History of Namibia
The Country was discovered by Bartholomeus Diaz in 1487, but it remained virtually unexplored until 1840 when German missionaries arrived in these lands and decided to venture into the interior of the country.
In 1884, the German protectorate was established, and it was administered with so much hardness, that many uprisings on the part of the natives took place.
In 1907, an order of the Governor bordered areas for the natives, prohibiting them to possess herds, with the purpose to make them wage-earners from the European settlers.
After World War I, the League of Nations gave mandate to South Africa to administer the region; the mandate’s revocation by the UN in 1966 and the appointment of a Council that should have administered the Country until independence, scheduled for 1968, remained a dead letter because of the opposition of South Africa.
Meanwhile, the Marxist-inspired nationalist movement of the South West Africa People's Organization, the SWAPO, founded in 1959, passed to armed actions, with the support of various African countries.
After the failure of the Windhoek Constitutional Conference in 1976-77, that provided the establishment of a multiracial interim government, in December 1978, the National Assembly elections were held, outside the control of the UN and boycotted by SWAPO, this assigned the great majority of seats to the Democratic Turnhalle Alliance, the ADT, openly supported by the Pretoria government.
In January 1983 South Africa, through its General Administration, regained, on the other hand, the direct control of the region, dissolving the National Assembly.
In the second half of the 1980s the policy of détente between the superpowers helped to create the conditions for the fulfillment of the resolution for the independence of Namibia, voted by the United Nations in 1978.
Essential element was the inclusion of the Namibian issue in a regional pacification project negotiated between Angola, Cuba and South Africa, with the consequent withdrawal of South African and Cuban occupation forces from the neighbouring Angola.
After the announcement of the ceasefire, on the 8th of August 1988, the following December, 22 in New York the agreement was signed allowing, under International control, the conduct of free elections in November 1989 and then the proclamation of independence on March 21, 1990.
These consultations saw the affirmation of SWAPO that, together with the ADT forces, formed a Government of National Unity.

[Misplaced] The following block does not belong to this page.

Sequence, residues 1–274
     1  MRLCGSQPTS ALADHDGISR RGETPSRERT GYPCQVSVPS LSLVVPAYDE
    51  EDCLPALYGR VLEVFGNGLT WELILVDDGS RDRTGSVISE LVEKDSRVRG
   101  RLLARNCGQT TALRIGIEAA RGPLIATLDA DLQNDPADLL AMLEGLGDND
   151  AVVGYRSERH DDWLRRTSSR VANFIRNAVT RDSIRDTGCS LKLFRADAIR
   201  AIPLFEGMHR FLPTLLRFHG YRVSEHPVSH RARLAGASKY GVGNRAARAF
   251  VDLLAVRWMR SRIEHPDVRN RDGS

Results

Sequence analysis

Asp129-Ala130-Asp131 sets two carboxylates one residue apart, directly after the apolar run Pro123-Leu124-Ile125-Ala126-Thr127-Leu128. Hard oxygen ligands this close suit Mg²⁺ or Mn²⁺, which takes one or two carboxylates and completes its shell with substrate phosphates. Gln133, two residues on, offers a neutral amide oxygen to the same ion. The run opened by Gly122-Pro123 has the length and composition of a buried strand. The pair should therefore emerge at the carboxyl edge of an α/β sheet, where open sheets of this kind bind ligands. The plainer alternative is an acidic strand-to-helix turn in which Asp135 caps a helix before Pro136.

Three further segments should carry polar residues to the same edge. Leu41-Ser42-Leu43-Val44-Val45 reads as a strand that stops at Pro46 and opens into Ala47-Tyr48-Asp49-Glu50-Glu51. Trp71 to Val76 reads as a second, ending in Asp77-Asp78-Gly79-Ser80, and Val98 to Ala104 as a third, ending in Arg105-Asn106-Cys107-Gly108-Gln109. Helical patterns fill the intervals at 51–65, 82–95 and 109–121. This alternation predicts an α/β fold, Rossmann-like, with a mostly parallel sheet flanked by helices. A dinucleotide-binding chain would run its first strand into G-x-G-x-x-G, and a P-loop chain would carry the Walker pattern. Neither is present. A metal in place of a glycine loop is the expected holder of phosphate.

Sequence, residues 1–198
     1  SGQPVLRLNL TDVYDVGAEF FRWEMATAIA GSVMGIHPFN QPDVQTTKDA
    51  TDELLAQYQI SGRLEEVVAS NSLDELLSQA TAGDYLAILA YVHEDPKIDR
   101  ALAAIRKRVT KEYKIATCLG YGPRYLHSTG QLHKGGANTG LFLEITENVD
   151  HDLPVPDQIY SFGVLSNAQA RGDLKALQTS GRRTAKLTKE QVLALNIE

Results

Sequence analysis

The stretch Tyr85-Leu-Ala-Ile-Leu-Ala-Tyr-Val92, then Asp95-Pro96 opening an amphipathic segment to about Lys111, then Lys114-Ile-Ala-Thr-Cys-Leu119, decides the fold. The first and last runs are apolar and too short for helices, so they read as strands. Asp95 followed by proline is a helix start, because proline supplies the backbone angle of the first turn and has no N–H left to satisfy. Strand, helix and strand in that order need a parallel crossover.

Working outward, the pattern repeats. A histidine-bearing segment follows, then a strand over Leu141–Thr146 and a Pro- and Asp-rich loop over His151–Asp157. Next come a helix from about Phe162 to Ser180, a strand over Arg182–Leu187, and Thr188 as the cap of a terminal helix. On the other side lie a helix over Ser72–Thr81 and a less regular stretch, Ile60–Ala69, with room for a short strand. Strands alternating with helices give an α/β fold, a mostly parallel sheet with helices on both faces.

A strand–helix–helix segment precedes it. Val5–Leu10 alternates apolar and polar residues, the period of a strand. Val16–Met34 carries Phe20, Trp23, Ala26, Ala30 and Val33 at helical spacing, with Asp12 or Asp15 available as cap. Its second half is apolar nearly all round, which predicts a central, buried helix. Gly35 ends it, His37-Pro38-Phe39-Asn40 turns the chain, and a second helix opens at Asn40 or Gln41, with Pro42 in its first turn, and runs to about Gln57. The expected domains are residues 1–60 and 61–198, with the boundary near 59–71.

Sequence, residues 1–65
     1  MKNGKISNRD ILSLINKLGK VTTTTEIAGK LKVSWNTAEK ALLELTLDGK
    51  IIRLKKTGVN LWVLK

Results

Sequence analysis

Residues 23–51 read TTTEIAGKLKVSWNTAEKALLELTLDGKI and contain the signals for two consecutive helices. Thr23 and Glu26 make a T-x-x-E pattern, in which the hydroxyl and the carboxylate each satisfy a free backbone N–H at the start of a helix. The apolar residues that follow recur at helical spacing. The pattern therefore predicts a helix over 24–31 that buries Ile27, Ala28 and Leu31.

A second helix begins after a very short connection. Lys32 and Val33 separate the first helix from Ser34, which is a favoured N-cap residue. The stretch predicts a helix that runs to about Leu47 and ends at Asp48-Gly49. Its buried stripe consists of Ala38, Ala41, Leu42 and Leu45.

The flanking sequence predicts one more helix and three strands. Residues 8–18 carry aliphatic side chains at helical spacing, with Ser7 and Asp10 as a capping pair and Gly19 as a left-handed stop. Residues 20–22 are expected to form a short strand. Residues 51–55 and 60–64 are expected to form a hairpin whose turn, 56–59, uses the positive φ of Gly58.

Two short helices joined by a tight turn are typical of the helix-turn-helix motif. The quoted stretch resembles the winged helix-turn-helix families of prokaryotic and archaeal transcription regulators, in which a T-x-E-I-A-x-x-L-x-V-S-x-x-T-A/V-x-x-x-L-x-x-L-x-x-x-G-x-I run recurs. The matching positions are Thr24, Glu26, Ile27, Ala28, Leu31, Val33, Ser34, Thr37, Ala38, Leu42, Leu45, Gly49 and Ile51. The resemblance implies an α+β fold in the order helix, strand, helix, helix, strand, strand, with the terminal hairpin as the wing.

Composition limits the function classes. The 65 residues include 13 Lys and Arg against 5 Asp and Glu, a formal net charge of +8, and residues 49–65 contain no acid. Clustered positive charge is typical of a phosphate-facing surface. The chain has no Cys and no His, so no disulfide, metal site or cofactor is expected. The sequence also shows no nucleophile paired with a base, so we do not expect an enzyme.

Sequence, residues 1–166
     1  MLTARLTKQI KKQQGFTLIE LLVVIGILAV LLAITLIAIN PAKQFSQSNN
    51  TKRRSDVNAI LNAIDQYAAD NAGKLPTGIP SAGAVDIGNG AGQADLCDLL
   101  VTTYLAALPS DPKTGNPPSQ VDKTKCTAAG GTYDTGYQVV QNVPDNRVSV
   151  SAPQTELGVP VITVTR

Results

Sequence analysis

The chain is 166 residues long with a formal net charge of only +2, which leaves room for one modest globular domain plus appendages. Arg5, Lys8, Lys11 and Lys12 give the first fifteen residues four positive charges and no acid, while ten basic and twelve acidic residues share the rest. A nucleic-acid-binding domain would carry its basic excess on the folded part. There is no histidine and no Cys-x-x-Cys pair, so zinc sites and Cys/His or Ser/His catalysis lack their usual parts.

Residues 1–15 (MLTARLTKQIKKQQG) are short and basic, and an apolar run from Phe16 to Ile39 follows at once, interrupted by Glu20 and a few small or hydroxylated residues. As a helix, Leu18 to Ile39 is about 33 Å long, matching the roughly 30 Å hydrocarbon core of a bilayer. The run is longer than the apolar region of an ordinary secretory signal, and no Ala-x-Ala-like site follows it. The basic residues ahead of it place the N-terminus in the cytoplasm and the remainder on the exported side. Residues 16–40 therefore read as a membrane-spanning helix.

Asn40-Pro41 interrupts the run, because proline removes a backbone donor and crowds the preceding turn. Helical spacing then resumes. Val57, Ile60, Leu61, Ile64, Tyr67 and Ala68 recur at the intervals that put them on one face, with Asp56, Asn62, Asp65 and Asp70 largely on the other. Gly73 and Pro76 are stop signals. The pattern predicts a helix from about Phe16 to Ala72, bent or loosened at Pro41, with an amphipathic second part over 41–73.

Sam Nujoma, leader of SWAPO, was elected President of the Republic.
Among the problems that the new president had to face, in addition to an institutional development and an economic adjustment program, there was the situation of the Walvis Bay enclave, the only deep-water port between Luanda and Cape Town and, for this reason, of an important strategic and commercial value.
Remaining under South Africa control, Walvis Bay was the subject of an urgent negotiation, that had its first outlet in 1992, with the decision of a common management between Namibia and its powerful neighbor.
Meanwhile, in September 1993, the Country emphasized its complete autonomy by adopting a new currency, the Namibian Dollar, in replacement of the old South African Rand.
The question of Walvis Bay found its solution in the context of the profound renewal of South Africa, that, in 1994, restored the harbour to the full sovereignty of Namibia.
Even the elections of 1994 and 1999 confirmed the previous presidential and legislative results, ensuring the political framework stability of a country that, although it came last to the full sovereignty, is emerging as one of the most peaceful of the African continent.
The failure of an agrarian reform program led, in 2002, to a new Government; the presidential elections of November 2004 were won by Hifikepunye Pohamba, dauphin of the outgoing Head of State, Nujoma. He was reconfirmed, then, in the elections of November 2009.
However, the problems due to a poor management of the State are constantly increasing, such as those related to corruption and International drug dealing.